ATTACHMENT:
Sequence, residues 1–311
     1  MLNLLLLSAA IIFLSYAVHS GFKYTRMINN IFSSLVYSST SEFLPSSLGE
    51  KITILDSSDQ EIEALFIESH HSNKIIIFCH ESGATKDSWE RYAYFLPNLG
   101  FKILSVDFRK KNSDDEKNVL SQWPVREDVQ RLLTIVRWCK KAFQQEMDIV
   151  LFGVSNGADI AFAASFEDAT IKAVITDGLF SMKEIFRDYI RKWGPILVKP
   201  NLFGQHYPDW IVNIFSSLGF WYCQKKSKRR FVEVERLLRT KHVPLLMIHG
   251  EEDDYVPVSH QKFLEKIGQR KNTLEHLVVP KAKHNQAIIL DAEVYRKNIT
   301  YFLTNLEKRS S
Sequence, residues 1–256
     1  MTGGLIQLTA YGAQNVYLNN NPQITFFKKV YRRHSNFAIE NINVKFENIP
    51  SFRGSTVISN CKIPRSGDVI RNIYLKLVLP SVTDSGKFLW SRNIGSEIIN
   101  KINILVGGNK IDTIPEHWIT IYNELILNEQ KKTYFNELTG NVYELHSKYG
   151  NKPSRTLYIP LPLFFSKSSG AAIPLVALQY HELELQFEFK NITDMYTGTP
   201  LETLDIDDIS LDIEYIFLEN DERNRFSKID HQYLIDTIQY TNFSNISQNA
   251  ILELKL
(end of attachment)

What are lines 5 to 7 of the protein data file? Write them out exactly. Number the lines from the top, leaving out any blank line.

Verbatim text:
   151  LFGVSNGADI AFAASFEDAT IKAVITDGLF SMKEIFRDYI RKWGPILVKP
   201  NLFGQHYPDW IVNIFSSLGF WYCQKKSKRR FVEVERLLRT KHVPLLMIHG
   251  EEDDYVPVSH QKFLEKIGQR KNTLEHLVVP KAKHNQAIIL DAEVYRKNIT